Since it’s almost the end of the year, I thought I would take some time to reflect on 2018. A lot has happened this year. From moving across the world, starting a new job, and learning a new language. To say I’ve been busy is an understatement. Although I’ve experienced a bunch, I thought I would just touch on some highlights below:

Changes of 2018

1. Change of Scenery – Country

I moved from the comforts of the Midwest United States to Moldova, over 5,000 miles away. Although many things, like farmland and such are similar, there have been big changes of scenery. The country is much more rural than where I am from in America. The village I live in, on paper, has 3,000 residents. The nearest big town is around 25 kilometers away and it has 11,000 people. Instead of driving everywhere, I now walk. In fact, weeks at a time I don’t even get into a vehicle. If I travel at all, usually, it’s by rutiera (bus). Being in a new country has also been dealing with new traditions and new cultural experiences. Change doesn’t have to be bad, it has just been different.

2. People – Saying goodbye to old friends and hello to new ones

I am blessed to have an amazing support system back home (as an example, if you are reading this and know me from the states, you are apart of that system in some way). The hardest part of leaving was saying goodbye. Living next door to my grandparents and having my grandmother stay with us a few days a week meant that I saw all of them nearly every day. Because of where other family members worked, I was able to stop by and say hello or they would stop by our house on their way home. Not seeing them, not seeing friends and neighbors, and not seeing work colleagues has been the biggest and toughest adjustment.

But with saying goodbye (and see you in a short 27 months), I was able to say hello to so many new people. With all the Peace Corps Volunteers, HCNs (Host Country Nationals), and host family and community members I have met, I have gained new experiences, learned more about different points of views, and created new friendships that would have never been possible in the states. (Thanks PC for giving me my government issued family!) I say this a lot, but I do mean it, I feel very blessed. I have an amazing host family who are helping me excel and have shown me great support (and I will add, my Pre-Service Training Host family was great too). How I got so lucky, I’ll never know.

3. Jobs

I left two jobs in the US to take on slightly more in Moldova. Although I technically only have one job now, as a PCV, that job requires many hats to be worn.
I worked for a historic house museum (Reitz Home Museum – definitely check it out!) and the City of Evansville Department of Parks and Recreation. At both places, I had amazing bosses and coworkers/volunteer colleagues. I wasn’t at the Parks & Rec job for very long, but I found all of my coworkers enjoyable to be around. (It probably helped that they liked a lot of the same snacks and food I liked!)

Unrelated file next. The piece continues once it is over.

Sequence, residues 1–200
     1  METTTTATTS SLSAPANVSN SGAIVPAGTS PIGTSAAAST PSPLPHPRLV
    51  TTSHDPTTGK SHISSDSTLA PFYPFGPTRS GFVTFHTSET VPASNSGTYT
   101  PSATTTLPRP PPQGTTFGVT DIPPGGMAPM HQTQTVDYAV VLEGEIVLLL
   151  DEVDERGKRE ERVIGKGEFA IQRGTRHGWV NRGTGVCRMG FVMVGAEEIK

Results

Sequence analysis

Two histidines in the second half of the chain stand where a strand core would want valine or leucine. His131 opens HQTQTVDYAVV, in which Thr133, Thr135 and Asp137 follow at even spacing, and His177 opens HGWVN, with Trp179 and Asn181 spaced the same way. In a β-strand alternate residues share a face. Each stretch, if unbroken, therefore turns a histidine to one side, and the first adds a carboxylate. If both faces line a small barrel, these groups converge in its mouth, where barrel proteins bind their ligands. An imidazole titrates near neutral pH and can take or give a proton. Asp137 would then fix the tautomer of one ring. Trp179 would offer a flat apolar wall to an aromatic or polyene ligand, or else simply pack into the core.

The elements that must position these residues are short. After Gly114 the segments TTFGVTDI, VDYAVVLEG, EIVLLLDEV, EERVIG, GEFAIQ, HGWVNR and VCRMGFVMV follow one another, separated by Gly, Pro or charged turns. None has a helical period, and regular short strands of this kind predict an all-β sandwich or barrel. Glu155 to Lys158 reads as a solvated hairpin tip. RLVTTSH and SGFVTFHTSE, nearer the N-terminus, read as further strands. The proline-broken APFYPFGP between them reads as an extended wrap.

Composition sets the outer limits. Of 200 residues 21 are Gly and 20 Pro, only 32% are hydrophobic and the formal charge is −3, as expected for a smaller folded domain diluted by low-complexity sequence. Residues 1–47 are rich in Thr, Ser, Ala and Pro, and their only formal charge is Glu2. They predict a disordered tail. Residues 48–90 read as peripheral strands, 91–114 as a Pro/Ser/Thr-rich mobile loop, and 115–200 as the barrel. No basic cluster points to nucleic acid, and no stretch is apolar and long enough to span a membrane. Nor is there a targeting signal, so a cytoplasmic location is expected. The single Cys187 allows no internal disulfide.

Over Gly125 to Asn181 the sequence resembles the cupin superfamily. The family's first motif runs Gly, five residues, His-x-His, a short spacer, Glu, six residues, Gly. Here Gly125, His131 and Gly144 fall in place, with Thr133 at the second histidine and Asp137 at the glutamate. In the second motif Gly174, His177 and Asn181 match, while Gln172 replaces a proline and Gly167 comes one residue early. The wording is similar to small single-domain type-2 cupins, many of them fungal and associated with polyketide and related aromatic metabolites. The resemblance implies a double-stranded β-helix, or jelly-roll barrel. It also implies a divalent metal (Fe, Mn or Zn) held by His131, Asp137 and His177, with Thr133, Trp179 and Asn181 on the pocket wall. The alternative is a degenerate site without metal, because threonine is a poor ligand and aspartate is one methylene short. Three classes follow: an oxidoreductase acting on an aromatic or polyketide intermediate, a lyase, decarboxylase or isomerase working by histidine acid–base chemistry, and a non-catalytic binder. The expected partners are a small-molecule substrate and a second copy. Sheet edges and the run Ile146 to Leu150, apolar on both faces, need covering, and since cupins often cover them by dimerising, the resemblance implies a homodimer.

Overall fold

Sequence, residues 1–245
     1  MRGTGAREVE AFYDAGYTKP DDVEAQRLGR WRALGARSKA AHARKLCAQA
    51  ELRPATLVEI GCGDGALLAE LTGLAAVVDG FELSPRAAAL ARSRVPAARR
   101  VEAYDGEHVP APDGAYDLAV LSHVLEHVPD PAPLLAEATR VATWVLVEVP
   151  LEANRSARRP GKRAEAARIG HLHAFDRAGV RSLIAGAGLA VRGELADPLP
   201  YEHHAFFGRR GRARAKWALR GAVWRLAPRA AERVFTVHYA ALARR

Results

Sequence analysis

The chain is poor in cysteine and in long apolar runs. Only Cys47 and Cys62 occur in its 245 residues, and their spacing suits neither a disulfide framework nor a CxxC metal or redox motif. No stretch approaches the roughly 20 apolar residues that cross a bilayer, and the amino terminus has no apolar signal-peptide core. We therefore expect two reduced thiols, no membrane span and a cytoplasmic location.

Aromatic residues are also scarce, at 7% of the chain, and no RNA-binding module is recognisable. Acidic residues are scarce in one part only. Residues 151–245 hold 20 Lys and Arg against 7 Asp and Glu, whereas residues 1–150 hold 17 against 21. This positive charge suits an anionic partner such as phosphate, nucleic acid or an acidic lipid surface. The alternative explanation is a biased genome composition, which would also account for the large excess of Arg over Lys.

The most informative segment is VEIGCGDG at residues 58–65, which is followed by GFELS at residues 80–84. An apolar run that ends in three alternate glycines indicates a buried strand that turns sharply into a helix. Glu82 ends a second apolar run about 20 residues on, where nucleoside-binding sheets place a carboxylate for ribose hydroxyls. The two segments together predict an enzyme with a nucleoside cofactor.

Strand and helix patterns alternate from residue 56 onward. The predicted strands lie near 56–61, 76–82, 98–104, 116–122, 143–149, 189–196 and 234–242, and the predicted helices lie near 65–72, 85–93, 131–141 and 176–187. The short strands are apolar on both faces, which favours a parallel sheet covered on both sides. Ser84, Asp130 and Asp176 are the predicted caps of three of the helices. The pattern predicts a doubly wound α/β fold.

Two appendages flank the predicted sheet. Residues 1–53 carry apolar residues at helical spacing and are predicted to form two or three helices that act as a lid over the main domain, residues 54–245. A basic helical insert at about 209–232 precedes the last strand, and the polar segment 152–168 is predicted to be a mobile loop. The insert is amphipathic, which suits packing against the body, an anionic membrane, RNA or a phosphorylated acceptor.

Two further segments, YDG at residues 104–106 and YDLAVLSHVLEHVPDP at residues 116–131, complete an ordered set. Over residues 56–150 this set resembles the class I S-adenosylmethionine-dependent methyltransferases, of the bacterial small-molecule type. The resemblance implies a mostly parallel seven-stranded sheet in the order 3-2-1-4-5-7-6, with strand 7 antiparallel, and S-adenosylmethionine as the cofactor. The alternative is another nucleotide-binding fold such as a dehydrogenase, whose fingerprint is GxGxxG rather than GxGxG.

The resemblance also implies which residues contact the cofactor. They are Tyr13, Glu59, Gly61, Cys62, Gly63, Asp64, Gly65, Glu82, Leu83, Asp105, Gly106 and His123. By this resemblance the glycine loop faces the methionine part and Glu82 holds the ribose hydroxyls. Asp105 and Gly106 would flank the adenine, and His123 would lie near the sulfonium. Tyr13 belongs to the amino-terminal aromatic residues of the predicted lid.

The Reitz Home Museum, its employees and volunteers really made it a second home for me. I gained so much experience there and have such an appreciation for the organization and all the hard work that happens behind the scenes.

These jobs helped me put me where I am today. The skills and knowledge I learned has helped me in my ability to serve in the Peace Corps. Starting a new job is always intimidating, especially in a new culture, but I am very grateful for everything I learned in the last year (and more) from my past jobs that enabled me to have my feet under me as I take on my new job as a Peace Corps Volunteer. As a PCV, I wear many hats; from being a cultural ambassador, assisting organizations in the community, teaching English, or just being present. 

4. Language

I went from speaking and listening to English every day to speaking Romanian and hearing Russian every day. I loved how where I lived in the states and especially when I was at university, I could walk around campus and hear no less than 5 different languages being spoken. It always amazed me. Coming to Moldova, I now hear at least 2 different languages that I rarely heard (and definitely would not have recognized Romanian) back in the states. The change has no been easy, but each day is a new learning day and another day to grow.

5. Comfort Zone

And finally, I’ve definitely got out of my comfort zone. As an American, a get a lot of attention, both good and bad. This alone would push me out of my comfort zone, but of course, it is just the icing on the cake. I am teaching English, something I could never have dreamed of doing. I moved into a culture I had very little knowledge of, live with a host family, and converse in a language I knew nothing of 7 months ago.

Change has been tough, but one thing has stayed the same, I have been extremely fortunate to be surrounded by a great support system on 2 continents. These are just 5 of the many changes I have experienced in the last year. I’m sure, 2019 will bring even more changes and experiences.

How has your life changed in 2018?  Let me know in the comments. And remember to have a nice cup of joe.

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